Wildlife damage management is an established part of the wildlife profession. Animals often end up in the wrong place, at least from a human perspective. Mice in the pantry, skunks under the deck, bats in the attic. But on September 9, 1945, getting rid of unwanted nature took on a new meaning.
On that date, Dr. Grace Hopper was part of the team of mathematicians and electrical engineers at Harvard working on the Mark II computer. The machine was acting up, and the team couldn’t diagnose the problem. Eventually, they discovered the issue: a live moth was stuck in a relay, causing it to malfunction. Hopper removed the moth from the relay and taped the critter into the day’s log at 3:45 PM, with this note: “Relay #30. Panel F (moth) in relay. First actual case of bug being found.”
Bugs are part of nature, in positive and negative ways. Bugs make up half of all known species and outweigh the human population of the earth by about 300 times. But this bug was special. With it, a new era and a new terminology was coined. The term “bug” had been in use in engineering for some time, as an expression of problems in a device or process. But when Hopper discovered an actual bug being the cause of a problem and then immediately coined her action to remove the offender as “debugging,” a new era was born.
So, the bug is the focus of today’s entry, but the star is Grace Hopper. She became one of the world’s most influential computer scientists, working for four decades with the Navy, as both a reserve officer and an active duty member. She joined the Navy in 1943, as a member of the WAVES—Women Accepted for Volunteer Emergency Services—and finally retired in 1986 as a Rear Admiral, the oldest living active duty navy officer.
Hopper was born in 1906, in New York City, and earned a BA at Vassar, in math and physics—a rarity in that time. She taught math at Vassar while studying for her advanced degrees at Yale. Now Dr. Hopper, she moved on to Harvard to work on early computers. Her work as a naval reserve office also focused on computers, and her military and personal careers were never far apart.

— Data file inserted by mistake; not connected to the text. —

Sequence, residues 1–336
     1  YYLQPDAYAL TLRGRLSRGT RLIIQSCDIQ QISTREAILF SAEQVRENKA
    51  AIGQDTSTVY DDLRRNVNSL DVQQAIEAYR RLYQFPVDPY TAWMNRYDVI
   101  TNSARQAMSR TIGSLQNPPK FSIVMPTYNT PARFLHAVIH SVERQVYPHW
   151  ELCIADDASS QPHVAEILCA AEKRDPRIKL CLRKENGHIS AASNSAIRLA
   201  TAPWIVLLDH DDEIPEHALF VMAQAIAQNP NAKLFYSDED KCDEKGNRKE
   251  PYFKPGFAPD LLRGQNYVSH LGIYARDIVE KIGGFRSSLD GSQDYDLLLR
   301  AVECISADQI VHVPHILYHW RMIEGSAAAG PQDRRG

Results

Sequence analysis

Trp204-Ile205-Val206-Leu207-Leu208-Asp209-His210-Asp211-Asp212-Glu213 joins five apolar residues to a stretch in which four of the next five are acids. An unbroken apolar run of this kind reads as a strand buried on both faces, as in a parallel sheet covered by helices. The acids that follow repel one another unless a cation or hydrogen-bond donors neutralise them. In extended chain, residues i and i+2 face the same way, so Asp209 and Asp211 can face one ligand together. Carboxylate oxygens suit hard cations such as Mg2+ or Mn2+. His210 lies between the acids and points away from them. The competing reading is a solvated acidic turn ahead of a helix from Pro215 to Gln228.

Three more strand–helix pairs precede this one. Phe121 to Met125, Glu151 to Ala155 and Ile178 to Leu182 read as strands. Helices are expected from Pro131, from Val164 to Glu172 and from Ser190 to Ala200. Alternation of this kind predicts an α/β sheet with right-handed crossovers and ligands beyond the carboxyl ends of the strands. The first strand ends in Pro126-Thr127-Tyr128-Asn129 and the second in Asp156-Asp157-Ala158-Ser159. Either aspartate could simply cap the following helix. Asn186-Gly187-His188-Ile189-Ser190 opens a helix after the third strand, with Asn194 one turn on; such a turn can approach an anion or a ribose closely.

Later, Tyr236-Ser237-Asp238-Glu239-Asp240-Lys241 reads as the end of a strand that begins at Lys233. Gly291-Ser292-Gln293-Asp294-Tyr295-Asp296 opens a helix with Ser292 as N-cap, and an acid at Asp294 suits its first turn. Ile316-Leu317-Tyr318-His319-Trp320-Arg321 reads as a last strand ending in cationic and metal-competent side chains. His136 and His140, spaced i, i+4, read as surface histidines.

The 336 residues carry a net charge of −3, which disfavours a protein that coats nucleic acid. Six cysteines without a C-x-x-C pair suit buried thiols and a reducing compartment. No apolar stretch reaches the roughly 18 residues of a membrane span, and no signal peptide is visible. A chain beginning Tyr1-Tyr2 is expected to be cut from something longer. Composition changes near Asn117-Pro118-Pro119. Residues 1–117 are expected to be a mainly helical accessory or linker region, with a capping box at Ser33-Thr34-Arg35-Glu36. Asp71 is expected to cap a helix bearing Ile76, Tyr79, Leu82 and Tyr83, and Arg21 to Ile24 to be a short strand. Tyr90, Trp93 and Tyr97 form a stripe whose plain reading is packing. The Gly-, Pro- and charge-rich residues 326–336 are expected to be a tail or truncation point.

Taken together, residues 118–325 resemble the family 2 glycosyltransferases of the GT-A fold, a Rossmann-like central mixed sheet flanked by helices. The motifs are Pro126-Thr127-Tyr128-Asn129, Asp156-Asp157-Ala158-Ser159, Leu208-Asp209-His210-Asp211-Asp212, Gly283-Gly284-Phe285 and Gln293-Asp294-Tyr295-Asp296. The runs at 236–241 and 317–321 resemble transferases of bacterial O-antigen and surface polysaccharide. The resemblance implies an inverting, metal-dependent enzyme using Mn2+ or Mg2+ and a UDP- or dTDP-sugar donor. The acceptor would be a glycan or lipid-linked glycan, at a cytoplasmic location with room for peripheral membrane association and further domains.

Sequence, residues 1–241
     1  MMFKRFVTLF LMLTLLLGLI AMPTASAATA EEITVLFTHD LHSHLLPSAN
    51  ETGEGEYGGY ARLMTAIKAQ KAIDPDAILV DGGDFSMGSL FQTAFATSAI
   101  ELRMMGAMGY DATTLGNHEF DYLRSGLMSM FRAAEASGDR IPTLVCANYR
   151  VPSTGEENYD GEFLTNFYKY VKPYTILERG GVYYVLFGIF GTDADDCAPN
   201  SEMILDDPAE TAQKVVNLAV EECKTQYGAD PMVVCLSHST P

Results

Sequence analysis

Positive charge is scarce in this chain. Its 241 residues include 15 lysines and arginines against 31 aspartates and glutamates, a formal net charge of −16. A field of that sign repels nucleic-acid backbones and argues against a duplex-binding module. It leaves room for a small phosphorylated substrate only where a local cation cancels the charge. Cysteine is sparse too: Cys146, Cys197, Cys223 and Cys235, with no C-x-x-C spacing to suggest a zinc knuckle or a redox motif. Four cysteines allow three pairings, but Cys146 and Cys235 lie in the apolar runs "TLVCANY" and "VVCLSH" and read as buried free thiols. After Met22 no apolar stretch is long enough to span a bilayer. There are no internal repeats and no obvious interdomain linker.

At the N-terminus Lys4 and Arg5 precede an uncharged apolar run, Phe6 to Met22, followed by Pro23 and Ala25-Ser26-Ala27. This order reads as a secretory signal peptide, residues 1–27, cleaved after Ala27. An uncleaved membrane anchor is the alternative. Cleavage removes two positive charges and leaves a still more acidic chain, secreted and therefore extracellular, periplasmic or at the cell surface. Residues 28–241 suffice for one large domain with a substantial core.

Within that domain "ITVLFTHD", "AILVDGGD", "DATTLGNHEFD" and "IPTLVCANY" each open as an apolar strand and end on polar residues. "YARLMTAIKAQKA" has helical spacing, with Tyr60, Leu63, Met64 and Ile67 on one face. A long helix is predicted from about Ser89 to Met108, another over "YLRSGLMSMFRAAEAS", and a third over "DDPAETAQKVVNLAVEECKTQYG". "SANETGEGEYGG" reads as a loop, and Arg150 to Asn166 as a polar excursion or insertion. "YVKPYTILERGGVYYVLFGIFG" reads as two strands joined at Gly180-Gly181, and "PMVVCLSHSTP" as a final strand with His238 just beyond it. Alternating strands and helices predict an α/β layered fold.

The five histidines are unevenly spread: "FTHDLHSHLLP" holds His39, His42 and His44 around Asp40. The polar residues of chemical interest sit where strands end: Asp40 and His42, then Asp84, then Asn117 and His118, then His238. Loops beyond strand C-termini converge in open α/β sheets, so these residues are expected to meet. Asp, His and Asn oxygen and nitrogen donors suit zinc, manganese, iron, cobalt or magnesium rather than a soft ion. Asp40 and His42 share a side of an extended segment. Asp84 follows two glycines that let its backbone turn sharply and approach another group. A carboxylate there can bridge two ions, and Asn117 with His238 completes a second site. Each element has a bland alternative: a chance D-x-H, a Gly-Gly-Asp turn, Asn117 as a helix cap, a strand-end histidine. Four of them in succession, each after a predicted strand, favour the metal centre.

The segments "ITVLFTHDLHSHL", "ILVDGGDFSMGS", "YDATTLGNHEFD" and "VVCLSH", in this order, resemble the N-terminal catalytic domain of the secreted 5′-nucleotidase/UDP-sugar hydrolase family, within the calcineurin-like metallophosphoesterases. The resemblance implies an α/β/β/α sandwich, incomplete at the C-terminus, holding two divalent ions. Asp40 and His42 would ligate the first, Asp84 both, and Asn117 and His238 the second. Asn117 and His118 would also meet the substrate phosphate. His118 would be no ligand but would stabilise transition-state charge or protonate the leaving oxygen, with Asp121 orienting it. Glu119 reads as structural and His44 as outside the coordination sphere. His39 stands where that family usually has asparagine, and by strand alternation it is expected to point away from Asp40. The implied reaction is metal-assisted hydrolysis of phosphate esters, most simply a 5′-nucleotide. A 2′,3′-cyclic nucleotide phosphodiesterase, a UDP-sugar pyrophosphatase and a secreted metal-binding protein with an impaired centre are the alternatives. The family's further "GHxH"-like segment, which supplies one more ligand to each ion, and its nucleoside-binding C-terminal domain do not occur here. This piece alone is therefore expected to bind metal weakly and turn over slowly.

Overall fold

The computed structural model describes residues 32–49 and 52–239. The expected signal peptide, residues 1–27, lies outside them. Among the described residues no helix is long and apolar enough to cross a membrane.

She had a creative mind, believing that “we’ve always done it that way” was no excuse for innovation and experimentation. As one observer wrote, she “appears to be all navy, but when you reach inside, you find a ‘Pirate’ dying to be released.” She rejected the idea that computers could only do arithmetic, or that programming computers had to be all Os and 1s. She developed the first “compiler” that converted English language instructions into machine language, ushering in the age of accessible programming in languages such as COBOL.
Grace Hopper is one of the most heralded leaders in the development of early computers. Known by her colleagues as “Amazing Grace,” she was the first person to be named “Man of the Year” in computer sciences, in 1969. President George Bush awarded her the National Medal of Technology, just before her death in January, 1992. In 2016, she was posthumously awarded the Presidential Medal of Freedom by President Obama. During her life, she received 40 honorary doctorates, and a naval military vessel, the USS Hooper, is named after her.
But we will always remember her as the person who actually “debugged” a computer!
Engel, Kerilynn. 2013. Admiral “Amazing Grace” Hopper, prioneering computer programmer. Amazing Women in History. Available at: http://www.amazingwomeninhistory.com/amazing-grace-hopper-computer-programmer/. Accessed September 8, 2017.
Markoff, John. 1992. Read Adm. Grace m. Hopper Dies; Innovator in Computers Was 85. New York Times, January 3, 1992. Available at: http://www.nytimes.com/1992/01/03/us/rear-adm-grace-m-hopper-dies-innovator-in-computers-was-85.html?mcubz=0. Accessed September 8, 2017.
Yale University. 1994. Grace Murray Hopper. Grace Hopper Celebration of Women in Computing. Available at: http://www.cs.yale.edu/homes/tap/Files/hopper-story.html. Accessed September 8, 2017.